Inside this issue: ADVISORS: Lim Tee Yoke & Phua Hui Chun, Technology Development Division (BCA); Goh Peng Thong, AWP Pte Ltd; Richard Lai, ADDP Architects (SIA); EDITOR: Punitha Govindasamy GRAPHIC DESIGNER: Fawzeeah Yamin PREFAB Architecture is published twice a year by the Building and Construction Authority (BCA), Singapore Institute of Architects (SIA) and Trade Link Media Pte Ltd (TLM). The editorial team is unable to accept any liability for errors or omissions that may occur, although every effort has been taken to ensure that all information is correct at the time of going to press. No portion of this publication may be reproduced in whole or part without the written permission of BCA. To contact the editorial team, please write to: PHUA_ Hui_Chun@bca.gov.sg or call Tel: 63255024 The ﬁrst issue of Prefab Architecture for 2007 ushers in three splendid buildings which have adopted extensive use of prefabrication in concrete and steel construction. Despite the heavy reliance of prefabrication, each building comes with its own distinctive feature and character, adding vibrancy to the surroundings. The ﬁrst project, De Royale Condominium stands majestically in central Singapore. The 36 storeys in each twin tower feature maximised repetition and standardisation which were achieved while maintaining the architectural concept. Intense planning during the early stages of design enabled the design team to incorporate extensive usage of precast concrete and steel elements into the architectural features. A complex and distinctive roof feature was created with pre-assembled steel segments to minimise complications. The newly built National Library demonstrates that steel construction can also be cost effective through the adoption of performance-based ﬁre safety engineering. Instead of the traditional sprays and paints on all the beams, the fire safety specialists’ design allowed the majority of the steel ﬂoor beams to be either unprotected or have reduced applied ﬁre application while maintaining the building’s structural integrity in the event of a fire. With extensive use of prefabrication and ‘green’ technology, the National Library won a Merit Award (Institutional Buildings Category) under the Best Buildable Design Awards 2006 and the BCA Green Mark Platinum Award in 2005. Marina South Pier, the new waterfront gateway to Singapore, set out to capture the splendor of its surrounding by integrating steel structure and reinforced concrete construction. To achieve the highly artistic and complex wavelike roof structure, the design team turned to prefabricated and modular roof trusses. For easy installation at site, the aluminum roof was designed with an integrated rainwater discharge, ceiling and lighting provision together with the truss system. The well-executed design earned the Marina South Pier the 2006 Singapore Institute of Architects Design Award (Transportation Building). By Phua Hui Chun Distinctive steel buildings on the rise architecture EDITORIALTEAM: PREFAB A BCA-SIA Publication 2007 • Issue No 1 The de Royale condominium’s unique diamond-shaped roof is a distinct feature. >> Page 2 Singapore’s new waterfront gateway the Marina South Pier captures the splendour of its surrounding as a waterfront building within a Garden City. >> Page 6 Singapore’s new National Library is a world-class, state-of-the-art civic and cultural institution. >> Page 10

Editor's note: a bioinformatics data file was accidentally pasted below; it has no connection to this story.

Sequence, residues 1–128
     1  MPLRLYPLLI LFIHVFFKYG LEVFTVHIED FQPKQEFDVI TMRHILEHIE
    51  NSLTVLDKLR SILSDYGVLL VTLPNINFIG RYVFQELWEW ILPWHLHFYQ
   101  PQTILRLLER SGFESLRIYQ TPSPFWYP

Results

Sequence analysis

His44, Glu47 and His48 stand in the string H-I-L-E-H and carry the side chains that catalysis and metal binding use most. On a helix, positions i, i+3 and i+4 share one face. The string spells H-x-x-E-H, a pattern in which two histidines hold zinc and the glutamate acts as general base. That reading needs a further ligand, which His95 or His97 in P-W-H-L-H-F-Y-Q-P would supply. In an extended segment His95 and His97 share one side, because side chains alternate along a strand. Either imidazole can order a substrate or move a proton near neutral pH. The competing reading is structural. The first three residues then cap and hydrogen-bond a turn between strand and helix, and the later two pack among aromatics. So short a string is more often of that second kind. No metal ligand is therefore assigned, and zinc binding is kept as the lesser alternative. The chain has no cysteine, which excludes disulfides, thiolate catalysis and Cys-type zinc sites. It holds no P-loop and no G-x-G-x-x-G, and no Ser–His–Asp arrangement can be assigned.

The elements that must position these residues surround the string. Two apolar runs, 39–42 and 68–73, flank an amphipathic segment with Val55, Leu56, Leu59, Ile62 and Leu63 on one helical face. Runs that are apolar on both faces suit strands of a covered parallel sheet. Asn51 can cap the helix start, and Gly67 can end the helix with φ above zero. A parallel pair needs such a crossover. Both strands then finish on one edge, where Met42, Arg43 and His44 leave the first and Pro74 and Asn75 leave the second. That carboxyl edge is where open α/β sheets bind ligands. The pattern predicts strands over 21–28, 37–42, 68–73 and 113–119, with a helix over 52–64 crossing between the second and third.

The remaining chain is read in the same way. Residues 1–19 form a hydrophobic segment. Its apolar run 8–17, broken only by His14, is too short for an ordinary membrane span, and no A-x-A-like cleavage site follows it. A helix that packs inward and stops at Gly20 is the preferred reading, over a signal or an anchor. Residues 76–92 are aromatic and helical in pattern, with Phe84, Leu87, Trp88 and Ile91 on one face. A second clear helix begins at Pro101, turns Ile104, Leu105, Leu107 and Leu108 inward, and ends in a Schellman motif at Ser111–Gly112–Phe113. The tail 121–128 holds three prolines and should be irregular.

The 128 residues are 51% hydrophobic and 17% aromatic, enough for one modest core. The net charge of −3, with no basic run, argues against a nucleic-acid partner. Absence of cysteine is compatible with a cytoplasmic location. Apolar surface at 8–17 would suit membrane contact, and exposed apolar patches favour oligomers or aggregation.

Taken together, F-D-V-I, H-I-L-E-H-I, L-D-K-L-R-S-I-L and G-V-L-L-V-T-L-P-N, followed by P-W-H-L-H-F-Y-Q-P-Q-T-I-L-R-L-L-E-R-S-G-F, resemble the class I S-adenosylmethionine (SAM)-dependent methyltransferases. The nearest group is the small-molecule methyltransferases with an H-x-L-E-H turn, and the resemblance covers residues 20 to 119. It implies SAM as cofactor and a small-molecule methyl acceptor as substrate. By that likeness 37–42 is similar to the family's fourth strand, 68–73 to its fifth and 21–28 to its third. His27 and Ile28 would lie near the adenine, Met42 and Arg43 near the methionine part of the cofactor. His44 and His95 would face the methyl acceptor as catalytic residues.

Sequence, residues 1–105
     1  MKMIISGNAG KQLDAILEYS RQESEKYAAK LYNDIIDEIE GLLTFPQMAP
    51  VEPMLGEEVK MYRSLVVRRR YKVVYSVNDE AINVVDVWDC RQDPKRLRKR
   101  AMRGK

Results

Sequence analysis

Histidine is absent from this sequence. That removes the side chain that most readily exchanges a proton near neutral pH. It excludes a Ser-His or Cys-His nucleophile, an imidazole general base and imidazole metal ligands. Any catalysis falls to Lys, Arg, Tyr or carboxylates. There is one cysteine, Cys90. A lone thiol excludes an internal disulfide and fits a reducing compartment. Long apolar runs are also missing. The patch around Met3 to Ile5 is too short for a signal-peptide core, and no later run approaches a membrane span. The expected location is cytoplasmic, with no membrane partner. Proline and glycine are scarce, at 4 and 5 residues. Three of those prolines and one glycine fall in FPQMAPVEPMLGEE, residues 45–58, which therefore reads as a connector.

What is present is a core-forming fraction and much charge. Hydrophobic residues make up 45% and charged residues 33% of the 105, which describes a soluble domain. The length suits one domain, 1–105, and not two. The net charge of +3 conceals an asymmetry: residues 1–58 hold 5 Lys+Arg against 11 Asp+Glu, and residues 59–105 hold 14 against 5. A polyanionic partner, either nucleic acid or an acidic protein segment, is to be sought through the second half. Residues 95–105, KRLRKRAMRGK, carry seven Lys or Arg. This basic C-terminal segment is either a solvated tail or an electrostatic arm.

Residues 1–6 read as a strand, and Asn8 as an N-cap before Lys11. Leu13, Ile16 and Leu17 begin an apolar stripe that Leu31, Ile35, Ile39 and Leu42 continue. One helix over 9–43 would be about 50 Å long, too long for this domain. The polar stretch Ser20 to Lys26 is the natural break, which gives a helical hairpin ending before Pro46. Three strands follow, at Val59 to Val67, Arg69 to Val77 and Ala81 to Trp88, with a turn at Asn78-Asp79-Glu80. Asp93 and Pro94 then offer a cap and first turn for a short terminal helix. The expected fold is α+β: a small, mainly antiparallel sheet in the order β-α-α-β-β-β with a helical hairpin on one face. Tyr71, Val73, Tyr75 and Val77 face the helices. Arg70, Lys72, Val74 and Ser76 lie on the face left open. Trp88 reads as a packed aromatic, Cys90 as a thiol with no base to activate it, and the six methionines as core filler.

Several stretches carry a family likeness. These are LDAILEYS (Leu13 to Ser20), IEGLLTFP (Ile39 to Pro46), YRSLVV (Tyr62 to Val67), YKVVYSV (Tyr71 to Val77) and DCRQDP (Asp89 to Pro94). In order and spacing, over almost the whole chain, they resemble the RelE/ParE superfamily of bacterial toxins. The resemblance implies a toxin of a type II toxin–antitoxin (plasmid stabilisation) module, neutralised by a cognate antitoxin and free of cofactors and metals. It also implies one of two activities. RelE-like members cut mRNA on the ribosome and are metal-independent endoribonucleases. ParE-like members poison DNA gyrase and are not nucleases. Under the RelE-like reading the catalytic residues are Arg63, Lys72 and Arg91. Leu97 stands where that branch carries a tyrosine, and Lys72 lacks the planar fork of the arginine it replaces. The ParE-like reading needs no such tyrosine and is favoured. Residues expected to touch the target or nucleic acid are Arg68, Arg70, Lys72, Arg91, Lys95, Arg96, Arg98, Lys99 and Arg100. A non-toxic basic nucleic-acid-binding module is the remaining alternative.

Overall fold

ADVISORS: Lim Tee Yoke & Phua Hui Chun, Technology Development Division (BCA); Goh Peng Thong, AWP Pte Ltd; Richard Lai, ADDP Architects (SIA); EDITOR: Punitha Govindasamy GRAPHIC DESIGNER: Fawzeeah Yamin
PREFAB Architecture is published twice a year by the Building and Construction Authority (BCA), Singapore Institute of Architects (SIA) and Trade Link Media Pte Ltd (TLM). The editorial team is unable to accept any liability for errors or omissions that may occur, although every effort has been taken to ensure that all information is correct at the time of going to press. No portion of this publication may be reproduced in whole or part without the written permission of BCA. To contact the editorial team, please write to: [email protected] or call Tel: 63255024
The first issue of Prefab Architecture for 2007 ushers in three splendid buildings which have adopted extensive use of prefabrication in concrete and steel construction. Despite the heavy reliance of prefabrication, each building comes with its own distinctive feature and character, adding vibrancy to the surroundings.
The first project, De Royale Condominium stands majestically in central Singapore. The 36 storeys in each twin tower feature maximised repetition and standardisation which were achieved while maintaining the architectural concept. Intense planning during the early stages of design enabled the design team to incorporate extensive usage of precast concrete and steel elements into the architectural features. A complex and distinctive roof feature was created with pre-assembled steel segments to minimise complications.
The newly bui l t Nat ional L ibrary demonstrates that steel construction can also be cost effective through the adoption of performance-based fire safety engineering. Instead of the traditional sprays and paints on all the beams, the fire safety specialists’ design allowed